Norwegian kindergartens understaffed / News / The Foreigner

Norwegian kindergartens understaffed. Kindergarten children are losing out because of a shortage of properly qualified teachers. 4,000 posts remained unfilled at the end of last year despite the government’s policy of ensuring adequate staff coverage. “We’ve been in this situation for a while,” Torger Ødegaard, Oslo’s city councillor for culture and education tells NRK. Government legislation stipulates each group of up to 18 children over three should have one child-education expert. Kindergartens with leaders who have other teacher training are exempt.

kindergarten, children, preschool, behaviour, problems, understaffed, unqualified, national, institute, child, health, human, development, nichd, ntnu



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Norwegian kindergartens understaffed

Published on Thursday, 9th September, 2010 at 15:16 under the news category, by Michael Sandelson   .

Kindergarten children are losing out because of a shortage of properly qualified teachers. 4,000 posts remained unfilled at the end of last year despite the government’s policy of ensuring adequate staff coverage.

Revelheia kindergarten (illus. photo)
Revelheia kindergarten (illus. photo)
Photo: Sandivas/Wikimedia Commons


Disadvantages

“We’ve been in this situation for a while,” Torger Ødegaard, Oslo’s city councillor for culture and education tells NRK.

Government legislation stipulates each group of up to 18 children over three should have one child-education expert. Kindergartens with leaders who have other teacher training are exempt.

The Union of Education’s (Utdanningsforbundet) Mimi Bjerkestrand says kindergarten children need qualified personnel who can give them adequate challenges.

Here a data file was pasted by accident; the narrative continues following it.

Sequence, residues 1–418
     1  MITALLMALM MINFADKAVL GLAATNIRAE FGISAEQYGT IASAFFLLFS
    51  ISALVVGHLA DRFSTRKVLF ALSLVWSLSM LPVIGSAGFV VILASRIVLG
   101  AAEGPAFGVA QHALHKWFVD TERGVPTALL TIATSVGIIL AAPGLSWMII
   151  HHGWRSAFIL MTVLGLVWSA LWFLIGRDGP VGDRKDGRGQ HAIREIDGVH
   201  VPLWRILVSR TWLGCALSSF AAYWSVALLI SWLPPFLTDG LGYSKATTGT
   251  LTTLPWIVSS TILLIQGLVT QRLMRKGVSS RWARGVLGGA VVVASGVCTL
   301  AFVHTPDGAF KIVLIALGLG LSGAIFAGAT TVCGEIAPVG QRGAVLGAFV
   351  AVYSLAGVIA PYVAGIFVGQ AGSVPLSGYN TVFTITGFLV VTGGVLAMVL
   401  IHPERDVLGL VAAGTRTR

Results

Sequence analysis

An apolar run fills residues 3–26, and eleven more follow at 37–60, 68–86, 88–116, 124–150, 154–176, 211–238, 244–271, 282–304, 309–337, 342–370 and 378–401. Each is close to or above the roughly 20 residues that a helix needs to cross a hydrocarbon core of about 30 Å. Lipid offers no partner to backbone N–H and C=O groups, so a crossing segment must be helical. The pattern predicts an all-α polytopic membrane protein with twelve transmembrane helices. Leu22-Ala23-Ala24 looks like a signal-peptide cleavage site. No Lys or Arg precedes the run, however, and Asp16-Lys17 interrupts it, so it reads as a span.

“Pre-school teachers have fundamental knowledge about kindergarten disciplines and children.”

American research conducted by the National Institute of Child Health and Human Development (NICHD) on children from a few months old up to 15 years of age shows that language development suffers if teacher quality is too low.

“Kindergartens give children indisputable cognitive, social, and language advantages. But this is dependent upon a high enough standard,” says May Britt Drugli, at the Norwegian University of Science and Technology’s (NTNU) regional centre for child and adolescent mental health.

Mimi Bjerkestrand is concerned that a lack of qualified teachers means the kindergartens cannot function properly.

“It is not a storage facility, but an educational establishment that should challenge children on a daily basis.”

Behavioural problems

There are also concerns about the amount of time children spend in kindergarten. An increasing number of parents are buying full-time places, meaning many spend up to 43 hours a week there if both parents work.

This can lead to them suffering from minor behavioural problems in the classroom, the same US research shows.

“[The children] are slightly more restless, defiant, and impulsive. There do more dangerous things without thinking so much about the others and are a little more difficult to control in the classroom,” Drugli says, underlining there is no clear connection.



Published on Thursday, 9th September, 2010 at 15:16 under the news category, by Michael Sandelson   .

This post has the following tags: kindergarten, children, preschool, behaviour, problems, understaffed, unqualified, national, institute, child, health, human, development, nichd, ntnu.





  
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